Carl S. English walks past the grape vineyards planted by his father in 1980 while giving a tour of English Estate Winery on Sunday.
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Judy Menegat on Sunday said she was enjoying her first visit to the English Estate Winery in southeast Vancouver.
Wait, that's not quite accurate.
"This is my second time, we came yesterday," she said, laughing. She and friend Kate Scott of Glasgow, Scotland, were among hundreds who attended the Fifth Annual Art & Wine Fair at the winery over the weekend.
"My favorite was the 2008 Pinot Noir. It just had a nice, well-blended feel," Vancouver's Menegat said. Scott said she enjoyed the Barn Red and the Friday Night Blush.
The family-run winery has been growing vines since 1980, when Carl D. English planted grapes on about six acres at 17806 S.E. First St.
The English family settled in the area in 1903. The house there dates to 1917 and the red barn was built in 1915.
"We're kind of like an aggressive hobby," said co-owner Carl S. English of the winery. They grow six types of grapes and produce 2,000 to 3,000 gallons most years. The crop is harvested in late September.
"It's very satisfying to be working the land that has been in the family," English said. "I grew up here."
His father, Carl D. English, died in 2010. The younger English's day job is his software company, Dinerware, a software for restaurants.
The winery sells 80 percent of its wine in plastic bags and offers a wooden box for its customers. Their slogan is "Bag in a Beautiful Box." They have 300 members in their wine club and also sell to several restaurants.
Their wine also comes in bottles.
There are catered dinners Friday nights and special events throughout the year.
Why sell wine in a bag?
"No oxygen is introduced" when the wine is in its plastic bag, said Andee Mowrey, winery manager and the only full-time employee. That makes it fresher than wine in an open bottle, she said.
"East county, they know box wine," Mowrey said.
Rick Lengvenis agrees.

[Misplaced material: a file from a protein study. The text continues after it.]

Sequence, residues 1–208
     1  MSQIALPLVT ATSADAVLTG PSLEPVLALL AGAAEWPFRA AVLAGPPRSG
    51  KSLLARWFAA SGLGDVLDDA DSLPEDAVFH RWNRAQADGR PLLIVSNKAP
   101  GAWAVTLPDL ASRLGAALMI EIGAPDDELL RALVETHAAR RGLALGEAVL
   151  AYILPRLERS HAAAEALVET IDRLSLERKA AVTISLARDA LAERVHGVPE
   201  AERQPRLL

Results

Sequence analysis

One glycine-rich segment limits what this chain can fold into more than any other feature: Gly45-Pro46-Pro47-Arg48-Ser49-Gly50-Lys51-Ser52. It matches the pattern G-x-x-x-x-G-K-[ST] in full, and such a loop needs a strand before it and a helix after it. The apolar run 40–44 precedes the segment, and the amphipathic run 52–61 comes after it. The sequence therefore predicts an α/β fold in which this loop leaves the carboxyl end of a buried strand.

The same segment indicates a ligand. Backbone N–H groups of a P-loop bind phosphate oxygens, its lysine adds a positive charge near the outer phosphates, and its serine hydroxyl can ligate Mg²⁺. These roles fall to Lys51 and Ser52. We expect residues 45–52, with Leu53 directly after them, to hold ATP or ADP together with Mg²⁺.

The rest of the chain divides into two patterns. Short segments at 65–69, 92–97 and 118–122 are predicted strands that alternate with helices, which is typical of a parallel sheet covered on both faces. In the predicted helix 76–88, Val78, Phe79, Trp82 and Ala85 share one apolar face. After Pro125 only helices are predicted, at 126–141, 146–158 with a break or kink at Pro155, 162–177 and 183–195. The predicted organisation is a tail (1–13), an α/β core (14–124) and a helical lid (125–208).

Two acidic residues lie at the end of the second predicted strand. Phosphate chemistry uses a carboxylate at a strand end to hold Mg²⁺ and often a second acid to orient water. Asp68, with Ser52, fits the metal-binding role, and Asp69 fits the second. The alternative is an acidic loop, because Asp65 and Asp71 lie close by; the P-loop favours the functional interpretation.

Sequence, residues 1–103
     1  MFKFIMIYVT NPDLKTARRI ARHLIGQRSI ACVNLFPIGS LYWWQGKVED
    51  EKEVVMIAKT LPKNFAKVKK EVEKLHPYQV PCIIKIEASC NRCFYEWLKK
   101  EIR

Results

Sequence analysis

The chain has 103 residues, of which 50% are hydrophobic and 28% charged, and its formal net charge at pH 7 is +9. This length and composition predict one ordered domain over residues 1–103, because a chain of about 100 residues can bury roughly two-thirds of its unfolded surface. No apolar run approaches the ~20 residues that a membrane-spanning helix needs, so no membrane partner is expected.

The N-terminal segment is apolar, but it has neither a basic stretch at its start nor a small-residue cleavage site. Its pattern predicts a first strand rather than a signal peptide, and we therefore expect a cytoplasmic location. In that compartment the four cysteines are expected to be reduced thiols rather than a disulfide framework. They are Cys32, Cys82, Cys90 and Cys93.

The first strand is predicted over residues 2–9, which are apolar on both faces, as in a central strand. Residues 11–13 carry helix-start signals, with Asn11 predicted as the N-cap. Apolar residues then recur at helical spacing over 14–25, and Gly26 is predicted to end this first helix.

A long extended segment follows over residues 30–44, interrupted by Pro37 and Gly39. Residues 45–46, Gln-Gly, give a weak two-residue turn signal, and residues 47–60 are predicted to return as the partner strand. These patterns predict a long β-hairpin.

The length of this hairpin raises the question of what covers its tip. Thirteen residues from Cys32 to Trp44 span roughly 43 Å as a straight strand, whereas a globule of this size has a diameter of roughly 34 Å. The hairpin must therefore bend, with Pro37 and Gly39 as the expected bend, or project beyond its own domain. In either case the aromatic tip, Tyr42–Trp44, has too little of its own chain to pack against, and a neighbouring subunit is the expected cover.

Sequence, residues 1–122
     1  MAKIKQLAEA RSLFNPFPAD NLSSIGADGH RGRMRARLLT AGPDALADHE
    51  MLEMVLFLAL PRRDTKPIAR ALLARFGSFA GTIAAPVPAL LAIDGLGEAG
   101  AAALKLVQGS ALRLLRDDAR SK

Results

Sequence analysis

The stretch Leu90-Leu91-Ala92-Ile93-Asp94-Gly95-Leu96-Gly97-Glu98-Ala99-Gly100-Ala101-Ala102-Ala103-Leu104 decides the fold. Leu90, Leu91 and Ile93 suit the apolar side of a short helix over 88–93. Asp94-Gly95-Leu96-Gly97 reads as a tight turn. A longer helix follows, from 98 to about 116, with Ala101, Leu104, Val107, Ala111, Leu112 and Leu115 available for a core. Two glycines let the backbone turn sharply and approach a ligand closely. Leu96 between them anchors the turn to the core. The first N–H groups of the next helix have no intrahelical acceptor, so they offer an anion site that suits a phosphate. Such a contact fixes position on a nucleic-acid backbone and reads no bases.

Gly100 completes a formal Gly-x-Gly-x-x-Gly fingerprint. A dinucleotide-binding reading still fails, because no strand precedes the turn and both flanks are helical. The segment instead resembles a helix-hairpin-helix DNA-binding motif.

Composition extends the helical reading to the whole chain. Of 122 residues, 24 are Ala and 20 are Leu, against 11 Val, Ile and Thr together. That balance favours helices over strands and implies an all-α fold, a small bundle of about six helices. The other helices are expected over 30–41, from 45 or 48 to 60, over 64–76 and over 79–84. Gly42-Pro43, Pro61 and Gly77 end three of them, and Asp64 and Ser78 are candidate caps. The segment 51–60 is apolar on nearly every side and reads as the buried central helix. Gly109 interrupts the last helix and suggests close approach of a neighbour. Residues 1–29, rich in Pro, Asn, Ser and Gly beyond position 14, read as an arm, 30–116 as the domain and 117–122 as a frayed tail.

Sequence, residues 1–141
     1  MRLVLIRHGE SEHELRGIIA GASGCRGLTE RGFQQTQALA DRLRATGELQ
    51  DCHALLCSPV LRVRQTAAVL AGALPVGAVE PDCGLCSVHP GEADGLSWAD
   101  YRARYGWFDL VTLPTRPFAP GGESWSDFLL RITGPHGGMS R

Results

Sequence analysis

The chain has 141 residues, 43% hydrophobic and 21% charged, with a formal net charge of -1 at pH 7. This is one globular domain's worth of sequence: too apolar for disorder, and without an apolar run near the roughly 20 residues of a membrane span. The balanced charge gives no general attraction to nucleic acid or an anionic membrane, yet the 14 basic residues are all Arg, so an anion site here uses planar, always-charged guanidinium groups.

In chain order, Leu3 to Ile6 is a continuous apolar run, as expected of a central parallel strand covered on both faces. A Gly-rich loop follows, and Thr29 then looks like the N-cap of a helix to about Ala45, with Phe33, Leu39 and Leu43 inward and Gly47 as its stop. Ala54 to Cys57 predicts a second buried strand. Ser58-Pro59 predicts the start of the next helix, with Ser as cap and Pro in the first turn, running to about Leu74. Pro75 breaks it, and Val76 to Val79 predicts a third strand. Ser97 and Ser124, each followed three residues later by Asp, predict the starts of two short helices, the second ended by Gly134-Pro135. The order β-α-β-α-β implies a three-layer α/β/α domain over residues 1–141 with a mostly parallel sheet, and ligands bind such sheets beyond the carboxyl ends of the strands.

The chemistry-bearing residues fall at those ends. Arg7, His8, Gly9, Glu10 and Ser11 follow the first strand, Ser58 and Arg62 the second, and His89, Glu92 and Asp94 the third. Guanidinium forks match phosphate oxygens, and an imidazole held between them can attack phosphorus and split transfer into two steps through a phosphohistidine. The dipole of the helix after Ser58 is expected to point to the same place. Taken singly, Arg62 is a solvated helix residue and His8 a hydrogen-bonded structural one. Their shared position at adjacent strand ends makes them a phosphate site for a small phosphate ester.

"This is the best thing in the neighborhood," Lengvenis said. He and wife Kristina live about a mile away and are members of the wine club.
"It's just a relaxed place," Kristina said. They were drinking Friday Night Blush, a blend.
Nearby, vendors at 38 booths were offering their art while the music stage had six acts during the weekend.
The place was once a dairy and wines were being poured in the loafing shed.
Dennis and Karen Roos, who live outside Minneapolis, Minn., were at the bar.
"We've been (club) members since 2005," said Dennis, a retired principal.
"It's my wine," announced a smiling Karen, who has relatives in Clark County.
"I love their Pinot Noir (a medium-bodied red) here. It's wonderful."
Any others to her liking? "I drink it all," she said, laughing.
They were with their daughter, Erinn Roos-Brown and her husband, Ted Brown, who live in New Britain, Conn.
The couple agreed they like the Moscato (a white varietal), but noted, "The close second is the Raspberry Delight (an estate brandy)."
Mowrey said Carl D. English was a visionary who advocated for wine in plastic bags.
He also was a student of history and some of the bottles come with little history lessons on the back label.
Mowrey said the most popular white blend is called Marguerite Metis, who was the wife of Dr, John McLoughlin. The most popular red blend is called Chief Factor's Favorite, in honor of McLoughlin.
McLoughlin worked for the Hudson's Bay Company as chief factor, or trader, at Fort Vancouver from 1825 to 1846. Historians note he was an esteemed and key figure in Northwest history.
Why name a wine after him?
Grape vines were planted at the Fort under McLoughlin's guidance, Mowrey said, and they were thought to be the first in the Northwest.